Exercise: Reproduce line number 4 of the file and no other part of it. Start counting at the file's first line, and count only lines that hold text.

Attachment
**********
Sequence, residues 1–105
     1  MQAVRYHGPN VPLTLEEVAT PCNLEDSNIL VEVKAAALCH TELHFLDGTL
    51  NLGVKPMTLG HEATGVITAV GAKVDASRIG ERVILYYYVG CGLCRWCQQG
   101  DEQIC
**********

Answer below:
   101  DEQIC